Bees are the principal pollinators, and are fond of the big yellow flower. The blooms will eventually fall off, giving way to the loofah sponges. If you’re interested in eating the gourd, pick it when it has not yet ripened. When the fruit begins to do so, It begins to dry up inside and its now well on its way to becoming a very useful sponge.

Once fall has arrived, your loofah gourds should be ready for picking. Give them as much time as possible on the vine. When the fruit becomes dry and lightweight and reaches a dark yellow to brown complexion, your loofah sponge is waiting inside.

Your Sponge is ready

There are several ways that can assist you in removing the skin of the gourd. One is to lightly hit the dry fruit against a hard surface to loosen the skin and the seeds inside. Another way is to soak them in water – this also will loosen the skin. Crushing the loofah sponge will also loosen the skin – this is especially helpful for younger gourds.

Make sure that you don’t leave any piece of skin on the fruit, as it can turn brown. Once you have removed the entire husk, look for any areas that maybe slightly darker. This is due to the way the fruit was resting on the plant. Meaning some type of pressure was applied to that particular part. It could also be an insect tried to take a bite out of the fruit. Simply scrape the area with the back of your thumbnail.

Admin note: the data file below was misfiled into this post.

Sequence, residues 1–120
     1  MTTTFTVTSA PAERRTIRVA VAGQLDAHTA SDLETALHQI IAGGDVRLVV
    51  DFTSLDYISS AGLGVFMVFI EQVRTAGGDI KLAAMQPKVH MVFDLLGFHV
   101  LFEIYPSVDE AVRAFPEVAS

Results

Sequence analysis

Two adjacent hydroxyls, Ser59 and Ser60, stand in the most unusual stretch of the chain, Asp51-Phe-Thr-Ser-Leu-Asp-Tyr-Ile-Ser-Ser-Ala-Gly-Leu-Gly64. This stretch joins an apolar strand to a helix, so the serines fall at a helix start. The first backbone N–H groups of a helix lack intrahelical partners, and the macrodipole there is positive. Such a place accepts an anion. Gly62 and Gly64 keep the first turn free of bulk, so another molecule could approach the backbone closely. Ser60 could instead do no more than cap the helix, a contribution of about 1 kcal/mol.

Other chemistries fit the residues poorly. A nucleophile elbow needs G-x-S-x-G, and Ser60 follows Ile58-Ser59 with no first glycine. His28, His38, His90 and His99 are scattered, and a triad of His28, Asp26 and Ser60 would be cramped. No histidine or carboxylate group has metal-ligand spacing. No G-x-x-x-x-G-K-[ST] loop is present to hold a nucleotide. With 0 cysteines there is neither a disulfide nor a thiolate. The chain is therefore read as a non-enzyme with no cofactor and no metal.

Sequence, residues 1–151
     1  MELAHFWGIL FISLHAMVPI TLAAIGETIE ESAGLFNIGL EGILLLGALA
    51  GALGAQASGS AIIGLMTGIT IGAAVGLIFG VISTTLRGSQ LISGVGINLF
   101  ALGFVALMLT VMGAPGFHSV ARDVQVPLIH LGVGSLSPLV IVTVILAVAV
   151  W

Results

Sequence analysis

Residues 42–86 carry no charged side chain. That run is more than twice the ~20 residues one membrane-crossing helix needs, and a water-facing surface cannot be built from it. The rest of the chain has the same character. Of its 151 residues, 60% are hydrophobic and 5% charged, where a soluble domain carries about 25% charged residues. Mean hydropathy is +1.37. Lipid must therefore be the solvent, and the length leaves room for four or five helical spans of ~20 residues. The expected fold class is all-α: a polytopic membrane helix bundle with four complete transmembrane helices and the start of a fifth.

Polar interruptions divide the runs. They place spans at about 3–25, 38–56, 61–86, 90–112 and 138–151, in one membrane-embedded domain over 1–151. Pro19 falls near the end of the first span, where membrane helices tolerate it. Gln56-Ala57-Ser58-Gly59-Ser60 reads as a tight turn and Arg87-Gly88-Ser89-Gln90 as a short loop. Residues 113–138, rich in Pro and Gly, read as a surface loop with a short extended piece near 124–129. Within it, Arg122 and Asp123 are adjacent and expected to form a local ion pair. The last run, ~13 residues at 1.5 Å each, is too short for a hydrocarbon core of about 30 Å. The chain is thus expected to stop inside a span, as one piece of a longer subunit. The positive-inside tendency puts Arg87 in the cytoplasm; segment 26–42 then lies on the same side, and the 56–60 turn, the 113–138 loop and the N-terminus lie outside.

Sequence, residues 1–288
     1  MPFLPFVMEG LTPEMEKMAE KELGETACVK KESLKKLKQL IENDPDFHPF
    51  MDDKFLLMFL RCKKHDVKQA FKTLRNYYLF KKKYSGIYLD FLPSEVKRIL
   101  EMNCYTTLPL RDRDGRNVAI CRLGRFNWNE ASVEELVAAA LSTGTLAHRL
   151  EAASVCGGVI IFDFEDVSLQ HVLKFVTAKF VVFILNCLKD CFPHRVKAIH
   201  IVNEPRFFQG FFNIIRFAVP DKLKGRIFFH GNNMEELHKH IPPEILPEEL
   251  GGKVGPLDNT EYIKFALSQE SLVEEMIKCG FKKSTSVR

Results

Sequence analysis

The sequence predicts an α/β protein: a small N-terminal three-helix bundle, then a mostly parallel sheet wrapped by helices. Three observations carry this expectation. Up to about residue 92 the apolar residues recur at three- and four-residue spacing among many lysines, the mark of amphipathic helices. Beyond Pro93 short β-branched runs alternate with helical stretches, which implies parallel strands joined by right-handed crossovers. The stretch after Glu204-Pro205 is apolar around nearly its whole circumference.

Now take the sponge and wash it in soapy water and then spray with water – this will remove any excess sap color. Follow by squeezing and shaking out the remaining water. If your sponge is still not as bright as you prefer, you can bleach in a mixture of 5 gallons of water and cup of bleach – not more than necessary.

To remove the seeds cut the sponge at one end and shake out the seeds. Spray with water to remove more seeds.